From Nov 1, all government agencies will accept digital ICs when individuals use or apply for public services in person.
SINGAPORE – Forgot to bring your NRIC for registering at a polyclinic to see the doctor? Soon, this might no longer be an issue, as people will be able to use the digital identity card in their Singpass mobile app instead.
From next Monday (Nov 1), all government agencies will accept digital ICs when individuals use or apply for public services in person, the Smart Nation and Digital Government Office (SNDGO) and Government Technology Agency (GovTech) said on Thursday.
Besides patient registration, the digital IC can also be used to book appointments at public clinics, register at government buildings for entry, borrow books from public libraries, collect passports, as well as book Housing Board flats and pick up the keys.
For now, there will be some exceptions, such as when the law requires physical identity documents. These include marriage registration, checking into hotels and investigations under the Criminal Procedure Code or the National Registration Act.
SNDGO and GovTech said the Government is working on amending laws to formalise the use of digital ICs for these uses as well.
Other instances in which physical identity documents are still needed include school examinations where phones are not allowed to be brought in, as well as during national service enlistment when physical ICs are surrendered.
Mr Tan Chee Hau, the director of SNDGO’s planning and prioritisation directorate, said in a media interview that the Government is in talks with several private sector industries on using the digital IC, for instance at private healthcare institutions, to sign up for new telco plans, or open accounts with banks.
The use of the digital IC and other Singpass featureswill negate the need for businesses to photograph people’s identity documents for their records.
From next Monday, public agencies will no longer photocopy people’s ICs.
“If government agencies or the private sector need to record (people’s details), there are ways to do this without having to take a photo (of the IC),” Mr Tan told reporters.
For example, a feature on Singpass called Verify allows the user to scan a QR code to send his personal details to an organisation.
As a virtual replica of the plastic document, the digital IC contains a person’s latest photo submitted to the Government to help with visual checks, and a barcode that can be scannedfor their details.
Privacy and security features are built into the virtual document. For example, the Singpass app shows only the last four characters of a person’s IC number, which can only be revealed by a fingerprint scan, face scan or a passcode.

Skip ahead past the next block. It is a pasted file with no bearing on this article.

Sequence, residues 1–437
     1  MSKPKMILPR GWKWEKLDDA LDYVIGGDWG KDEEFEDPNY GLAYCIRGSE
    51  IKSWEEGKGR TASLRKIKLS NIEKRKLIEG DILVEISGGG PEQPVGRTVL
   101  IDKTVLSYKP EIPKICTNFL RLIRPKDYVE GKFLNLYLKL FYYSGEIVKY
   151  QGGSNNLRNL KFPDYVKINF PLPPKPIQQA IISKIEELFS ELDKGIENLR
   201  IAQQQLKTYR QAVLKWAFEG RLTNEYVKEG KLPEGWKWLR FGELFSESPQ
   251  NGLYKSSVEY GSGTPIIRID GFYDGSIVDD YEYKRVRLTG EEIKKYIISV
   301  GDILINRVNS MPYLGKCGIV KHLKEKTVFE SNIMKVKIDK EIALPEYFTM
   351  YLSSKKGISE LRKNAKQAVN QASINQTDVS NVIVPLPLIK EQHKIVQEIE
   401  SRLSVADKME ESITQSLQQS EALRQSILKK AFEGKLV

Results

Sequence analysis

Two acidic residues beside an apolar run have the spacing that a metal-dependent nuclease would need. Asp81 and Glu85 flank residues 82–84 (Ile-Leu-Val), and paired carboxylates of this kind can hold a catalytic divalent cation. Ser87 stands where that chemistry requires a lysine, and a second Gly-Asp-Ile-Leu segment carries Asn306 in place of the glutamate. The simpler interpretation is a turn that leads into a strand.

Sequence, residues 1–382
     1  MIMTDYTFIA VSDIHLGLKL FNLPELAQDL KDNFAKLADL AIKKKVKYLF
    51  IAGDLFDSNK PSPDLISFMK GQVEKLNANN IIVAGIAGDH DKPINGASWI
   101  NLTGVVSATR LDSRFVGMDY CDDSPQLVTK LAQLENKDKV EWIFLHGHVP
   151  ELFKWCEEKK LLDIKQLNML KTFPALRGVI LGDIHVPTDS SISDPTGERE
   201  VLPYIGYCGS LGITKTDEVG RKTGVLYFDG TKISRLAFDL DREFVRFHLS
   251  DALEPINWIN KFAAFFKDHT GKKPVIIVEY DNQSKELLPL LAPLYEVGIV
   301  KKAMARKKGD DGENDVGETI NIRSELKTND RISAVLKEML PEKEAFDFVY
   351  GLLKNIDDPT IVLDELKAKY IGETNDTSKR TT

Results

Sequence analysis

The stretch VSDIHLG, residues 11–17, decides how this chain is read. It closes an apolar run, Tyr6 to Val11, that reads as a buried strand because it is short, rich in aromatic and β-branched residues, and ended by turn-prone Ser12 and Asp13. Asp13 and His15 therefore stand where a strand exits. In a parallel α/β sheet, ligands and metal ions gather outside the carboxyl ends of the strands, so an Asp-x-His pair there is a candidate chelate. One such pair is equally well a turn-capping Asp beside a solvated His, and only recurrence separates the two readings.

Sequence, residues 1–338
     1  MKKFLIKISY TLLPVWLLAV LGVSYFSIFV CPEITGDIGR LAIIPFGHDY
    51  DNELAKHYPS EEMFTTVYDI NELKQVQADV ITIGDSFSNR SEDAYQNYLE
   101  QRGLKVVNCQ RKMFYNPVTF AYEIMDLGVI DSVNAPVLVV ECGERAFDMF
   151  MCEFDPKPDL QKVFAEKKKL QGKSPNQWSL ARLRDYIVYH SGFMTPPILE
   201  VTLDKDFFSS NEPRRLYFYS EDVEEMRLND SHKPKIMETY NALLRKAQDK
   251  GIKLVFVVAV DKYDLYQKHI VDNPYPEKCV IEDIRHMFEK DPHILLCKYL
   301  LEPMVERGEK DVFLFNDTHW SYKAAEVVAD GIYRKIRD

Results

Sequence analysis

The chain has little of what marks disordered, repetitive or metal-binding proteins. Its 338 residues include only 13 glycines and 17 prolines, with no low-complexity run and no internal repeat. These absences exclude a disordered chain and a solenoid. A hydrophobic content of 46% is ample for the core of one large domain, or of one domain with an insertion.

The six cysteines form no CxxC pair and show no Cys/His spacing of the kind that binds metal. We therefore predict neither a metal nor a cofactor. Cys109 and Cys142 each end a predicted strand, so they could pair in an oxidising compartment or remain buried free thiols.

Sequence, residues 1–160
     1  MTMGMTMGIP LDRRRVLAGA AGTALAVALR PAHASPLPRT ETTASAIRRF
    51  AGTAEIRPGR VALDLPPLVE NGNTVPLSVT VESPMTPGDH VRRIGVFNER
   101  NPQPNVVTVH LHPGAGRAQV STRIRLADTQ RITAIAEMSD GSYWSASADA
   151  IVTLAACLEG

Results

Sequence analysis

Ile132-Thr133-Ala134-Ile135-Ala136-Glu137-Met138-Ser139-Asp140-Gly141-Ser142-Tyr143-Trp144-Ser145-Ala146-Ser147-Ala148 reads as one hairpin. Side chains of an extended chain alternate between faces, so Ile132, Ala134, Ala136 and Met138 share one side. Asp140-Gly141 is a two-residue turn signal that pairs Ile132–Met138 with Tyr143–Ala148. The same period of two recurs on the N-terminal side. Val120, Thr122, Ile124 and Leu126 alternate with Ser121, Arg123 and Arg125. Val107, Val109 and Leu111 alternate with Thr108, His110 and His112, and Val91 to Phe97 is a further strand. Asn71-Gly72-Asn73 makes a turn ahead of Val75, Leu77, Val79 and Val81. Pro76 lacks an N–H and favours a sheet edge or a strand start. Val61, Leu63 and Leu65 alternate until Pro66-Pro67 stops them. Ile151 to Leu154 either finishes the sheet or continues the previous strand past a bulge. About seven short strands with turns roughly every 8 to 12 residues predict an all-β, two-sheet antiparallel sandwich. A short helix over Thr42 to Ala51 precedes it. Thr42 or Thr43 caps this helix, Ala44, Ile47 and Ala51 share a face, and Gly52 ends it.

The digital IC also has an animated lion head crest which prevents the image from being tampered or spoofed using screenshots of it. ST PHOTO: ONG WEE JIN
The digital IC also has an animated lion head crest which prevents the image from being tampered or spoofed using screenshots of it.
However, the digital IC will not replace the physical document completely. If an IC holder loses his plastic card, he must still report the loss to the Immigration and Checkpoints Authority and apply for a physical replacement.
Doing away with the physical IC altogether needs to be considered carefully, said Mr Tan, noting the legal standing of the NRIC.
Still, from a broader smart nation perspective, he said the digital IC shows that technology can bring convenience to people and improve their daily lives.
“The fact that you can feel at ease going out and about without your wallet and with just a phone because it supports e-payments and has the Singpass digital IC – that’s a big step,” he said.
The use of the digital IC and other Singpass featureswill negate the need for businesses to photograph people’s identity documents for their records. ST PHOTO: ONG WEE JIN
GovTech developed the Singpass app and, in May last year, added the digital IC feature.
In the past few months, SNDGO and GovTech worked with public agencies to scale up efforts to get the virtual document accepted.The move was a gradual process that took into account public feedback, said Mr Tan.
For SingHealth Polyclinics, it started recognising people’s digital ICs from July last year after some patients asked polyclinic staff if they could scan the virtual document’s barcode at self-service kiosks to register and see the doctor.
“There is… a confidentiality aspect because the digital IC can only be pulled from Singpass so there’s a level of authentication,” said Ms Loke Chui Yee, chief operating officer of SingHealth Polyclinics.
The proportion of patients using the digital IC is still very small for now, said Ms Loke. On average, about 30 patients use the virtual card across all of the organisation’s polyclinics every week.
Singpass app users can look forward to being able to change the language used in the app to the other national languages – Chinese, Malay and Tamil – in the future.
Digital versions of more cards linked to a person’s identity – such as driving licenses, vocational licences and professional certifications – will be added to the Singpass app later as well.
Currently, 97 per cent of Singaporeans and permanent residents aged 15 and above have Singpass accounts. There are more than 3.2 million Singpass app users, and about 300 million personal and corporate Singpass transactions every year.